Monet hesitated to get cataract surgery because it hadn’t gone well for some of his fellow artists. He tried eye drops for a while, but eventually gave in and got the surgery on one eye in 1923. He proved to be a very uncooperative patient, but the combination of surgery and thick glasses did grant him greatly improved vision for the next few years. His paintings during that period look much more like his pre-cataract work.

Cataract Surgery Today

If he lived today, Monet never would have hesitated to get cataract surgery. Thanks to advancements, there’s no need for bulky glasses because the clouded lenses can simply be replaced with artificial ones! Every year, three million Americans undergo cataract surgery, after which they enjoy up to 20/20 vision, even if they haven’t had it in decades. Cataract surgery has an incredibly high success rate, at around 98-99%.

Lifestyle Changes

Minor changes can have a big impact on your overall health and a great way to reduce your risk of developing cataracts. Also, manage related conditions such as high blood pressure, obesity, kidney disease, and diabetes.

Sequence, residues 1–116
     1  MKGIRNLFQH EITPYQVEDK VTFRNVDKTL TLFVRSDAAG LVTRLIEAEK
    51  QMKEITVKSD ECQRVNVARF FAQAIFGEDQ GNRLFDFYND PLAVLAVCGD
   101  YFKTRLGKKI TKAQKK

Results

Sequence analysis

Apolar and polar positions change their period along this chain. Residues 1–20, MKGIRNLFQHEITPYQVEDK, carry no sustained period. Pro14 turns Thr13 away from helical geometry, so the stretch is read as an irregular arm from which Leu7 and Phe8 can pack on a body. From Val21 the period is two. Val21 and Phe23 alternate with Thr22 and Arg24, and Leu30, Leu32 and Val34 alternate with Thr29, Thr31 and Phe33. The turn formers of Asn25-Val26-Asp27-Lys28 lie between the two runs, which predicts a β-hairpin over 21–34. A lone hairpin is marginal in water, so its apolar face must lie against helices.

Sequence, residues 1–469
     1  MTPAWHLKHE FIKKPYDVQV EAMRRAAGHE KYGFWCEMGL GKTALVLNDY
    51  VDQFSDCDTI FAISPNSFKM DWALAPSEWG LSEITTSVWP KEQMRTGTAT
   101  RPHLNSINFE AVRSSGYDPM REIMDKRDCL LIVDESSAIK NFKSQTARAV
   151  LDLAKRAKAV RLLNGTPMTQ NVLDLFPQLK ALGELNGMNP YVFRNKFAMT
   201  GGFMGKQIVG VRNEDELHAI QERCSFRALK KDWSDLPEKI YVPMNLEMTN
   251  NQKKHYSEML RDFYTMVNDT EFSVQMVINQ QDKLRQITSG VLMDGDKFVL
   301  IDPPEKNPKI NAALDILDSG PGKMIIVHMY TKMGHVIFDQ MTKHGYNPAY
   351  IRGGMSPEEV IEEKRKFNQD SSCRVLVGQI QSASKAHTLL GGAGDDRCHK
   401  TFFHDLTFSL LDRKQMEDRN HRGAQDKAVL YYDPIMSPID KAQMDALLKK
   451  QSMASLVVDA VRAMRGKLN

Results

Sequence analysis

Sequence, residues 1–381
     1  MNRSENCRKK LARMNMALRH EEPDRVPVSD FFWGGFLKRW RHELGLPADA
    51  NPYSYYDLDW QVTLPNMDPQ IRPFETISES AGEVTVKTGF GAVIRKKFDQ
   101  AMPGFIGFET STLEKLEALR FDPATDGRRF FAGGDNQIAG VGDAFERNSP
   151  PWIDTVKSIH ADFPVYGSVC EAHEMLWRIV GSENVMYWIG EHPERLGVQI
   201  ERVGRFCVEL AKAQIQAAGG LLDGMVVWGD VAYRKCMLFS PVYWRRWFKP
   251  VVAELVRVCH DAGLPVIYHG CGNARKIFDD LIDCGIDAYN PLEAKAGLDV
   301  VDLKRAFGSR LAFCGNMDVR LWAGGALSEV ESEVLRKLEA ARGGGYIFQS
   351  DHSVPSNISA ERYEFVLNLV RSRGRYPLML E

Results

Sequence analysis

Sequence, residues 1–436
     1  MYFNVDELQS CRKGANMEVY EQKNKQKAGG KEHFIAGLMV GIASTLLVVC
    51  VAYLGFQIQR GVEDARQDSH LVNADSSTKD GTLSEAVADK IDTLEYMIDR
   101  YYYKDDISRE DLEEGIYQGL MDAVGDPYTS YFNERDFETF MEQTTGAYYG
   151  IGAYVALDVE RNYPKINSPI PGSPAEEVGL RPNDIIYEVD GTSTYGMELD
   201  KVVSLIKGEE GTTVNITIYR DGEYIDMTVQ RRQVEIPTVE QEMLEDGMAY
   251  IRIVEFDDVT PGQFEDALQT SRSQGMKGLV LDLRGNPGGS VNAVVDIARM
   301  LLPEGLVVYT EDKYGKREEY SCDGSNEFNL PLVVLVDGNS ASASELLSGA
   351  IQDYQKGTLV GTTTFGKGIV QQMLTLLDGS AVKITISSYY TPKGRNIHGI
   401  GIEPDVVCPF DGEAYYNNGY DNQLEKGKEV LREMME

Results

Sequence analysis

Some easy ways to reduce your risks are:

  • Get routine eye exams
  • Quit smoking
  • Protecting your eyes from the sun
  • Limit your alcohol consumption
  • Fill up on Antioxidants
  • Eat Omega-3 rich fatty foods
  • Reduce Sugar intake

Modern Cataract Treatment Chicago

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Have You Noticed Any Cataract Symptoms?

If you’ve been experiencing any changes to your vision that sound like the above, we recommend scheduling an eye exam. In this day and age, there’s no reason to suffer vision loss from something so easily reversible. We have offered Cataract Treatment Chicago and in Northwest Indiana for over 49 years.

See the difference of award winning eye care and make an appointment today!  Our top priority is your lifelong vision health.

Thank You For Voting Levin Eye Care Center The Best Eye Care Center Again!

Written by Levin Eye Care on . Posted in Child and Pediatric Care, Contact Lenses, Eye Health, Vision Therapy